## Abstract

Given a complex polynomial p(z) with at least three distinct roots, we first prove that no rational iteration function exists where the basin of attraction of a root coincides with its Voronoi cell. In spite of this negative result, we prove that the Voronoi diagram of the roots can be well approximated through a high order sequence of iteration functions, the Basic Family, B_{m}(z), m≥2. Let θ be a simple root of p(z), V(θ) its Voronoi cell, and A_{m}(θ) its basin of attraction with respect to B_{m}(z). We prove that given any closed subset C of V(θ), including any homothetic copy of V(θ), there exists m_{0} such that for all m≥m_{0}, C is also a subset of A_{m}(θ). This implies that when all roots of p(z) are simple, the basins of attraction of B_{m}(z) uniformly approximate the Voronoi diagram of the roots to within any prescribed tolerance. Equivalently, the Julia set of B_{m}(z), and hence the chaotic behavior of its iterations, will uniformly lie to within prescribed strip neighborhood of the boundary of the Voronoi diagram. In a sense, this is the strongest property a rational iteration function can exhibit for polynomials. Next, we use the results to define and prove an infinite layering within each Voronoi cell of a given set of points, whether known implicitly as roots of a polynomial equation, or explicitly via their coordinates. We discuss potential application of our layering in computational geometry.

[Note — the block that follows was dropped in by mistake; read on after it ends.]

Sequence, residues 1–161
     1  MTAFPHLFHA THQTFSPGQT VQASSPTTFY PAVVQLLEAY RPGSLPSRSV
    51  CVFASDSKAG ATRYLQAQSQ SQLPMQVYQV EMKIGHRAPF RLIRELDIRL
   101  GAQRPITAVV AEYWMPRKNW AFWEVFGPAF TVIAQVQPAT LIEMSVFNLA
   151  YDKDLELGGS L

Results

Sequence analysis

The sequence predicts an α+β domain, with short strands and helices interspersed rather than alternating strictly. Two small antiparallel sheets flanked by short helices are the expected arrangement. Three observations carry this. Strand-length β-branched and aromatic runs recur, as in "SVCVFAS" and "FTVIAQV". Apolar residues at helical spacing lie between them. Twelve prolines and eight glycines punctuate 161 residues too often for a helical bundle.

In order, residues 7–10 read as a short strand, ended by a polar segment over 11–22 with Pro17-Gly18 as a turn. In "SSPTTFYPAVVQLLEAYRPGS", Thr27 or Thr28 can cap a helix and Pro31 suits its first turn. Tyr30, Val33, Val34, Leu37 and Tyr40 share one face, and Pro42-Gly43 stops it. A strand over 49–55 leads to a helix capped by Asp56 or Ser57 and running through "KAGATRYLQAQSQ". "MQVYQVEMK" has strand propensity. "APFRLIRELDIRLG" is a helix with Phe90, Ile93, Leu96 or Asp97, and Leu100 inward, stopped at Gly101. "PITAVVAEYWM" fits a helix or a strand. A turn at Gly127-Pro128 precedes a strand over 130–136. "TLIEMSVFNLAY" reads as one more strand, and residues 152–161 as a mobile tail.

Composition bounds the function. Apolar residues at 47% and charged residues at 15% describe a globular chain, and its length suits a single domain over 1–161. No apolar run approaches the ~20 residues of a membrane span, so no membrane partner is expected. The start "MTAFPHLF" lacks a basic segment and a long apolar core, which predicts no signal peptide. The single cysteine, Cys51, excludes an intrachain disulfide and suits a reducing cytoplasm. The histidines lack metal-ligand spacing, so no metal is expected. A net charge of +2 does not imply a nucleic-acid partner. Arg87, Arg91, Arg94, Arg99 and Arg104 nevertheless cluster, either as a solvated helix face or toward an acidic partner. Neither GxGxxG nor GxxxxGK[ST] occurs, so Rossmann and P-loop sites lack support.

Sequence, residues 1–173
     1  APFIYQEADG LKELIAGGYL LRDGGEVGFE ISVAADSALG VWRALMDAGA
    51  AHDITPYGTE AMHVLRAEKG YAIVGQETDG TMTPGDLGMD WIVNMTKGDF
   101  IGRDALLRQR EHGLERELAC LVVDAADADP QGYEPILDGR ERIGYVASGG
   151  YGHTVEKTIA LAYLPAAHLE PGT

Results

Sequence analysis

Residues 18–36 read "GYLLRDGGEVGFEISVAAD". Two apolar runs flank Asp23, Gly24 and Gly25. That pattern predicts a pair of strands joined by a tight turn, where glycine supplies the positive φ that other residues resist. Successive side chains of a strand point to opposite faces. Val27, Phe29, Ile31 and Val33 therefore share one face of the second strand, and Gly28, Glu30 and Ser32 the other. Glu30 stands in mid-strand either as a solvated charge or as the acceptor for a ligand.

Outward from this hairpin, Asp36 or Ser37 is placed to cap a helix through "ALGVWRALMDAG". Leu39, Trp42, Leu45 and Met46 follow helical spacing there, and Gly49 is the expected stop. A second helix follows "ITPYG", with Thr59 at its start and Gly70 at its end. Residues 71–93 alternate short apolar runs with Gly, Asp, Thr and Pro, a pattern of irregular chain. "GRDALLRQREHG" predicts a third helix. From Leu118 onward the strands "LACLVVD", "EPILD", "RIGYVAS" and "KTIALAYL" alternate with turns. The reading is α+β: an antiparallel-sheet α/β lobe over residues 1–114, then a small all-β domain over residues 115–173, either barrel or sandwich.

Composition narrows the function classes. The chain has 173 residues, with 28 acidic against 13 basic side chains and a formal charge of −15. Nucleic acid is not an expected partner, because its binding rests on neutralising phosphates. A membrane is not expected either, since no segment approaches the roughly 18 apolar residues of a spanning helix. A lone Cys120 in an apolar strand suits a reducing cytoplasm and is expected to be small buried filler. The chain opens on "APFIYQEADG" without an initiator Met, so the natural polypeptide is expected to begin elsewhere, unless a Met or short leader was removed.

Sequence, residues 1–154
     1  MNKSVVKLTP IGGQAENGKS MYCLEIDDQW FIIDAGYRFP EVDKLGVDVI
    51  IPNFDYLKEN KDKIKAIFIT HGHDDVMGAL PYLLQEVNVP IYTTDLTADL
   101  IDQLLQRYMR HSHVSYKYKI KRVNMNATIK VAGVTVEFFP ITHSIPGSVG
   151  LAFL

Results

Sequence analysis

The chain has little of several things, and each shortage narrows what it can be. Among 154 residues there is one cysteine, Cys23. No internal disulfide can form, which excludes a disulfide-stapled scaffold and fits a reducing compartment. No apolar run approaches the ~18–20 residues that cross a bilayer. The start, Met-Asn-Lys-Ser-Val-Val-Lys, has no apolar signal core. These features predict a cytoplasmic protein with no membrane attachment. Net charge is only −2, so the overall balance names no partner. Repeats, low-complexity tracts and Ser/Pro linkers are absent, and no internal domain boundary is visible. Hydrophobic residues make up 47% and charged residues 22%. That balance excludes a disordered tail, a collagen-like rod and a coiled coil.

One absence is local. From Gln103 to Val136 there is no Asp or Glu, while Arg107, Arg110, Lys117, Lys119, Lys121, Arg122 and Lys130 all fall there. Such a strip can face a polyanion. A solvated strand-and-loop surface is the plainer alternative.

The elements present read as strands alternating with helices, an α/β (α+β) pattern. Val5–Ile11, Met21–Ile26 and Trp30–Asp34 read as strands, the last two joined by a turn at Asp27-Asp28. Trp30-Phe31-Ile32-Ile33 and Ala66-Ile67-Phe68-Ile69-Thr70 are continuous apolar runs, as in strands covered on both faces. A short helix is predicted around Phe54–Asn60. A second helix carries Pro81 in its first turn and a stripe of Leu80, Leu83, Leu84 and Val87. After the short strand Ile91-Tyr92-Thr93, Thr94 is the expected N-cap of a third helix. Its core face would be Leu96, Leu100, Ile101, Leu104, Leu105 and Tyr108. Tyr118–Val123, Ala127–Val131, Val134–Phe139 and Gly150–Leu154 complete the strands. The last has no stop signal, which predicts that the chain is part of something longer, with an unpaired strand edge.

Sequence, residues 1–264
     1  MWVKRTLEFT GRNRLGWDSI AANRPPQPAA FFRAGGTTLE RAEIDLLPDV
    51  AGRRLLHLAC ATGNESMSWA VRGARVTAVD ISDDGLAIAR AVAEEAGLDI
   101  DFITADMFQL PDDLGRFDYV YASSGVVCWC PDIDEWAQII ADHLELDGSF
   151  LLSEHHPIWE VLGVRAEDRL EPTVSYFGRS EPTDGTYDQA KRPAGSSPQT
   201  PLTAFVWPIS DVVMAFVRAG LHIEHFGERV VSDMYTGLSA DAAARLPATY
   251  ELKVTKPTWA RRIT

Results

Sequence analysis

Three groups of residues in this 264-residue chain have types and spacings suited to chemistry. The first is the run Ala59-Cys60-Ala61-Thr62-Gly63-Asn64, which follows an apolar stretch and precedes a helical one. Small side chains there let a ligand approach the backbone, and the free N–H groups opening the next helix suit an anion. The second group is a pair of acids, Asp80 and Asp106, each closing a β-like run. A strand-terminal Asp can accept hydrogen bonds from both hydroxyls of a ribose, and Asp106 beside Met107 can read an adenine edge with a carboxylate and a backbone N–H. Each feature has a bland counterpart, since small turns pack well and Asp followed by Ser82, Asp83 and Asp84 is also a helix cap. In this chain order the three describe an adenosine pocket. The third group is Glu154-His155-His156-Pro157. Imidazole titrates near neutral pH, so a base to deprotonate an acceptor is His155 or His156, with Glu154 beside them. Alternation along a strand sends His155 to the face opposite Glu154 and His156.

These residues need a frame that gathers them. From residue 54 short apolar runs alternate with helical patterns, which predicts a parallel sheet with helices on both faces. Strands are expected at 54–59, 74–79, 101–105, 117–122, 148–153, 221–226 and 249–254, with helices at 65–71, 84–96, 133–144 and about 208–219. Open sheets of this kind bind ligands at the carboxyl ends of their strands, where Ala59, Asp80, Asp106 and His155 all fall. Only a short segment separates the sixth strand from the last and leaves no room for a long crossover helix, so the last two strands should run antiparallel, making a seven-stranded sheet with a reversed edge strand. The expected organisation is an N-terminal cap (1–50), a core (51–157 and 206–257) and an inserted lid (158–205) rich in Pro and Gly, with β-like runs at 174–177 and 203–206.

Original language | English (US) |
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Pages (from-to) | 187-203 |

Number of pages | 17 |

Journal | Discrete and Computational Geometry |

Volume | 46 |

Issue number | 1 |

DOIs | |

State | Published - Jul 2011 |

## All Science Journal Classification (ASJC) codes

- Theoretical Computer Science
- Geometry and Topology
- Discrete Mathematics and Combinatorics
- Computational Theory and Mathematics

## Keywords

- Complex polynomials
- Computational geometry
- Dynamical systems
- Fractal
- Iteration functions
- Julia set
- Newton's method
- Voronoi diagram
- Zeros